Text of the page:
“The strike transformed African politics overnight. The timid opportunism and servile begging for favours disappeared.”
This is precisely what business and the state had feared might be the impact of the Marikana strike ― that it would inspire a wave of strike actions in the mining sector and beyond.
Between August and October 2012, more than 60,000 miners took part in a series of unprotected, non-union organised strikes across several of South Africa’s most important platinum and gold mines.
In November 2012, an unprecedented strike waveunprecedented strike wave broke out across farming areas in the Western Cape, leading to a pay rise of more than 50% by early 2013
Meanwhile in community townships, considerably more protests were registered in 2012 compared with any previous year.
In many cases, protesters referred to Marikana, which came to represent resistance.
Left-wing union officials have recounted how workers have spoken at national bargaining conferences about doing a “Marikana”. The Congress of South African Trade Unions (COSATU) responded to the farm workers rebellion by declaring: “Marikana has come to the farms!”
At least four settlements have renamed themselves Marikana. Asked why, one of the residents of the Marikana settlement in Potcheftroom, said: “We will do exactly as they did at Marikana, and we will get what is ours.”
And there is no sign of the Marikana effect waning. Last year, there was a further 15.2% increase in the rate of strikes, taking it to an all-time high.
This year, there have already been major disputes, such as the five-month-long strike (the longest in South African history) by 70,000 workers in the platinum sector, and a month-long strike by 220,000 metalworkers and engineers.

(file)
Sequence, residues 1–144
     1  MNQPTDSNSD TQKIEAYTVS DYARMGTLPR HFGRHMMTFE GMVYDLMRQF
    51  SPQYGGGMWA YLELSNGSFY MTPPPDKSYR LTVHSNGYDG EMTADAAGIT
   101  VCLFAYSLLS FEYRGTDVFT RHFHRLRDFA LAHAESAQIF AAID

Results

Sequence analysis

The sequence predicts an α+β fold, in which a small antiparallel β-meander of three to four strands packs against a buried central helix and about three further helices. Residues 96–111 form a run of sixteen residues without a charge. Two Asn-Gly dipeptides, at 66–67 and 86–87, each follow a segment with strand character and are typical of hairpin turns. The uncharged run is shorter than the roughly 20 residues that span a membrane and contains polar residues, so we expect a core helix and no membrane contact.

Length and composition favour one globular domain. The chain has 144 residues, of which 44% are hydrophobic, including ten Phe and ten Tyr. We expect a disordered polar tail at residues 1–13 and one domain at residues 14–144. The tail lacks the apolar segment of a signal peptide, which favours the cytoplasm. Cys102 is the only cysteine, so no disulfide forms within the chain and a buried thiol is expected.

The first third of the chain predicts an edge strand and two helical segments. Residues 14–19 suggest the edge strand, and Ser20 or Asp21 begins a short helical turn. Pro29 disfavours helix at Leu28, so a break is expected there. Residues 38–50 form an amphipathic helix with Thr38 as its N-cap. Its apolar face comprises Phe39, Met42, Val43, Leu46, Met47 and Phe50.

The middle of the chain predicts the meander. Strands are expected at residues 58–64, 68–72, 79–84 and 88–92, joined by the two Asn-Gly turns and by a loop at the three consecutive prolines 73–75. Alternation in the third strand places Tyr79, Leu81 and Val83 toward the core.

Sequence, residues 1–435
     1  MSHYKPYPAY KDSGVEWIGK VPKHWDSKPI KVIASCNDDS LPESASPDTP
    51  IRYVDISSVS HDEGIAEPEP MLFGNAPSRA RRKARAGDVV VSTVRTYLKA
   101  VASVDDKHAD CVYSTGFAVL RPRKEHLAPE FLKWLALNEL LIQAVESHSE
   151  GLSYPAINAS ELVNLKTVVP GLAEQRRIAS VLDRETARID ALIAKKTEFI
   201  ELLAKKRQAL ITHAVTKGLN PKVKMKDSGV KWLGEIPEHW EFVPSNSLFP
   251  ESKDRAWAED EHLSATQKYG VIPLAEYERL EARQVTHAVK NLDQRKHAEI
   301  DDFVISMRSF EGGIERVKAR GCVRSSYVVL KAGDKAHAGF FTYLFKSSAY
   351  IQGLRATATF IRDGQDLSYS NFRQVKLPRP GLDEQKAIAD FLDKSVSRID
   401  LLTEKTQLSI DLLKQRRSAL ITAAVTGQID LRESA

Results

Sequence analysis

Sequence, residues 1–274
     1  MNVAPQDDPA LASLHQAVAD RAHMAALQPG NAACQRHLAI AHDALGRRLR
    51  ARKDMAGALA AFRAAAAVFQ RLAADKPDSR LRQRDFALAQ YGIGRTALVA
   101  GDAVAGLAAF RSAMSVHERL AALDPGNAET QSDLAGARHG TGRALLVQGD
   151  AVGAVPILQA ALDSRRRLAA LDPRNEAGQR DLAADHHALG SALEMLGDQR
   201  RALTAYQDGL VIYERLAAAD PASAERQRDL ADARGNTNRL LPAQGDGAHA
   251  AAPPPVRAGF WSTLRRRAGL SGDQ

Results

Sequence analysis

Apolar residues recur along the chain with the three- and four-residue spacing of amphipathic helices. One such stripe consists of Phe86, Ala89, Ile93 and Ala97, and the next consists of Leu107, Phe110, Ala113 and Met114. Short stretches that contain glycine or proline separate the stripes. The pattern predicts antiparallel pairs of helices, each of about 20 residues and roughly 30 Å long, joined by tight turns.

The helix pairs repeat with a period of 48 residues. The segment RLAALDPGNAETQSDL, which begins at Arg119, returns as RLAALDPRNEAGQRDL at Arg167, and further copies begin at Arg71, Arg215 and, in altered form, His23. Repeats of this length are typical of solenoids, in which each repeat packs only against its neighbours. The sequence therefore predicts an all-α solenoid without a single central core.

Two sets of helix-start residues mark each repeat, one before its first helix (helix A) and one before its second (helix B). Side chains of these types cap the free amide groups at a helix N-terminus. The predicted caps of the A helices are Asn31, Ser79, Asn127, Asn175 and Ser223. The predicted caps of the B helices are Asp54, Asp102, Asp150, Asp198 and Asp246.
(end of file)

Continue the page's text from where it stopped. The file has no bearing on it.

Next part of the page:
Tellingly, neither strike was led by unions that still support the Tripartite Alliance between the ANC, COSATU and the South African Communist Party.
The Association of Mineworkers and Construction Union (AMCU), which has never been aligned to the ANC since its 2001 formation, led dispute in the platinum minefields.
Its newfound militancy is largely a result of the mass influx of about 100,000 new members in 2012, swelling its ranks to 120,000.
This was largely due to its supportive role during the Marikana dispute.
In many cases, after the non-union strikes in the mining sector ended, workers gradually dissolved their committees into AMCU branches, feeling the need for a union for collective bargaining.
The AMCU has now surpassed NUM as the biggest union in the platinum belt.
The second strike was led by the National Union of Metalworkers of South Africa, which has taken over from NUM as the country's biggest union. Since 2012, NUMSA has been increasingly anti-alliance.
Today, NUMSA is the main driving force behind a left-wing challenge to COSATU leaders. It proposes breaking with the alliance and creating a new workers' party to challenge the ANC.
Two years is too early to record the legacy of Marikana. However, it is clear that significant political dynamics have been unleashed by those fateful events, which have left an indelible bloodstain on post-apartheid South Africa.
[A version of this article was published at teleSUR English.]